As a kid, Tom Toy ignored the odds by defeating the illness that doctors said would paralyze him for the rest of his life.
His family returned the blessings he felt he had received for the rest of his year and said he had given back.
At the age of 13, the toy was diagnosed with polio and placed in an iron lung. The doctor, who was paralyzed below his neck, told his parents that he would never walk again, his family said.
However, within a year the toys have recovered. He then became a maritime attorney, four fathers, and a philanthropist at the Rockville Center, where he lived for 31 years.
“He felt very fortunate because he was able to function, work in the city, get on the train, and do it all,” said his 55-year-old wife, Oceanside. Pam Toy said. “When he was young, he coached the kids football team and ran around the neighborhood trying to stay healthy.”
The toy died on October 14th at his home on the oceanside after a brief fight against pancreatic cancer, his family said. He was 83 years old.
“He was a big-hearted person,” said Manhattan’s brother Christopher Toy, 69. “He wasn’t a bully. Many older brothers do. He played with us at our level.”
Neck surgery and post-polio syndrome limited toys to wheelchairs for the last 15 years of his life, but he continued to help his family and those in need.
“I got married in 2010 and he drove a car [with] “I was able to get up in the middle of the aisle, walk to my husband and wave my hand,” said Margaret Goodwin, 41, an oceanside daughter. He was always a fighter. “
Born September 27, 1937 in Manhattan, the toy was the oldest of the four children. He lived in Oyster Bay, Manhattan, and New Jersey for part of his childhood and attended Hill School, a boarding school in Pottstown, Pennsylvania.
Toys worked full-time at a department store in New Jersey and attended Seton Hall University. There he earned a bachelor’s degree in English and was vice president of his companion, Five Beta Sigma. He then earned a law degree from St. John’s University.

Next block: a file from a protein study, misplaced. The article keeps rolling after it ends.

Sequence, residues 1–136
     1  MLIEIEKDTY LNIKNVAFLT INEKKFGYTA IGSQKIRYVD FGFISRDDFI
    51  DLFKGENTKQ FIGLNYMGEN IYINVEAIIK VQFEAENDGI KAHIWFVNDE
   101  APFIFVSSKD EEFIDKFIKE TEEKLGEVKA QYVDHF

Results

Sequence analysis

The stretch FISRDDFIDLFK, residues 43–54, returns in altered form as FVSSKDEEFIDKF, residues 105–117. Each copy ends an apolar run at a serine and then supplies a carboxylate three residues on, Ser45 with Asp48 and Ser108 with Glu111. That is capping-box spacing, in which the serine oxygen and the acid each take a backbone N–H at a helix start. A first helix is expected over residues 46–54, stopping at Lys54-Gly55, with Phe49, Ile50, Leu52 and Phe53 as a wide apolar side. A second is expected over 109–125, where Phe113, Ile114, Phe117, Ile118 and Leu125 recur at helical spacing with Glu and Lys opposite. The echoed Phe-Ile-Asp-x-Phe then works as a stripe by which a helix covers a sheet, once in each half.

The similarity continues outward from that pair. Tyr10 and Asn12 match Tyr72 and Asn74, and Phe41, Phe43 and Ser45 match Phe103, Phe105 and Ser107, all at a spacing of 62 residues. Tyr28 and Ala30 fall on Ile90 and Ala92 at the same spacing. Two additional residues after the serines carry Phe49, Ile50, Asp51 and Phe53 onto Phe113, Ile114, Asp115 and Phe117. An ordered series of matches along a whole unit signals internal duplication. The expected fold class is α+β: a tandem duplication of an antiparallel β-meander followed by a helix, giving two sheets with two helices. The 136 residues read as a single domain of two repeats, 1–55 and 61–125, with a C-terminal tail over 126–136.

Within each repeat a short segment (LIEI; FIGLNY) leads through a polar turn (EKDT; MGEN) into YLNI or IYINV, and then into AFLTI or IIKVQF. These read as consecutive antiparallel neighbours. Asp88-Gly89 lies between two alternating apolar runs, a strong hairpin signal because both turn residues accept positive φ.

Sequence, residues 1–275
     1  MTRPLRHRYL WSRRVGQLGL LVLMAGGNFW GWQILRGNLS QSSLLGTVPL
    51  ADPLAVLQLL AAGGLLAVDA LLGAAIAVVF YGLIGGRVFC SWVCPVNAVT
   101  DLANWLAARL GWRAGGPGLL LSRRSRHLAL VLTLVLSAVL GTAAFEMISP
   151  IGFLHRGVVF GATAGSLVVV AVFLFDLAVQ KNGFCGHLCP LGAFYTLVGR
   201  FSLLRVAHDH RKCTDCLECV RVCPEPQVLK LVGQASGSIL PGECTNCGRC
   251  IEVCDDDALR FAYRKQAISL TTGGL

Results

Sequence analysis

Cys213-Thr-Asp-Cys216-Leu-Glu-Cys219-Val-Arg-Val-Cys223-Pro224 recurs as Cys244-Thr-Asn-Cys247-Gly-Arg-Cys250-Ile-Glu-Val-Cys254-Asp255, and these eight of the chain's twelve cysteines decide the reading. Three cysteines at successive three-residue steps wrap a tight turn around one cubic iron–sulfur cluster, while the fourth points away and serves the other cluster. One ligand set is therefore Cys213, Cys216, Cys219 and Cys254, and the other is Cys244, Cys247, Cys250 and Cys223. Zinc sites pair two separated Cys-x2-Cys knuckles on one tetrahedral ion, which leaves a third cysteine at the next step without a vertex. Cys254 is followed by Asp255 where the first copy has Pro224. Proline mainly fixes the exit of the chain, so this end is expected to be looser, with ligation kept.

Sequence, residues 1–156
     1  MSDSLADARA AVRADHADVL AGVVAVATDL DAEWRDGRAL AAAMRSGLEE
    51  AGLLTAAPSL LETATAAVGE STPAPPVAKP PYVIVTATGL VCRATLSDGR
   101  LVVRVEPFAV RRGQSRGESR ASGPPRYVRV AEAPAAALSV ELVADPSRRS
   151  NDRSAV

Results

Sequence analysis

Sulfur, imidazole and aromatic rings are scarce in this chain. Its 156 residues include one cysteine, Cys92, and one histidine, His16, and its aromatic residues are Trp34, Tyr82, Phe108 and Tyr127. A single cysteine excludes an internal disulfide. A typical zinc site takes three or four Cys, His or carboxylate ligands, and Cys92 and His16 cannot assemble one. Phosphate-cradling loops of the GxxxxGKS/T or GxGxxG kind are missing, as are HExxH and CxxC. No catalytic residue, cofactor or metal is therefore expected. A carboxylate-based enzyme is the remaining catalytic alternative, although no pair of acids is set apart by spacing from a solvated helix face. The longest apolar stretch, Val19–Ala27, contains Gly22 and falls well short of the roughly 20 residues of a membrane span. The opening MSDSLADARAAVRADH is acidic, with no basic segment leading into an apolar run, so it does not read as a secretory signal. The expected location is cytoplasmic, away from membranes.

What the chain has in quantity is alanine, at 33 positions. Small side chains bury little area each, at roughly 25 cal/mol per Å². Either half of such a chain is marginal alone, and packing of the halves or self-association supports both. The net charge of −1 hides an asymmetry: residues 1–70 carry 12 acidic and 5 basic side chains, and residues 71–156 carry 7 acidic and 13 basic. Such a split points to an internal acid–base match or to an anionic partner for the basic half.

While in college, Toy gained lieutenant status as an Army reserve officer, but his family said he had never participated in active combat due to a childhood seizure with polio.
After serving as a clerk at the Maritime Law Firm Hill Rivkins & Hayden LLP at Law School, Toy was offered a job and spent most of his 35+ year career at 90 West St in Manhattan. I worked at an office in. World Trade Center.
On September 11, when the tower was attacked, the toys were on the subway to work. According to his family, the subway was bypassed and he did not reach the office.
Toys were devout Catholics who always wanted to give back to the community. He and his wife taught Prekana, a Catholic marriage training, for 20 years at St. Agnes Cathedral in Rockville Center. After his daughter Betsy Toy Showerer died of leukemia in 1993, Toy was deeply involved in St. Agnes’ blood drive and eventually did it with his wife. He also shaved his head many times for the St. Baldric Foundation, which is raising funds for childhood cancer research.
“He was a very devoted man and wanted to give him as much time as possible to help others,” said Robert Toy, 53, son of Valley Stream.
The toy is also a member of the Knights of Columbus and achieved four knightly ranks in 2015.
A toy who coached the Rockville Center Soccer Club in the late 1970s and early 1980s and joined the committee, loved trains and remembered all routes and timetables for the LIRR and New York City subway systems. .. According to his family, his hobby was making model railroad layouts, and he was busy with his grandchildren for hours.
Toys by wife, daughter, son, brother, as well as son Tom Toy Jr. and wife Oceanside Jill, Valley Stream daughter-in-law Josephine Toy, Oceanside son-in-law Craig, brother I’m alive. Peter Toy and sister Bonnie Audrain, both Georgia, and six grandchildren. He died by his daughter Betsy Toy Showerer and his granddaughter Emma Meab Goodwin.
According to his family, the toys were buried in the Hollyood Cemetery in Westbury.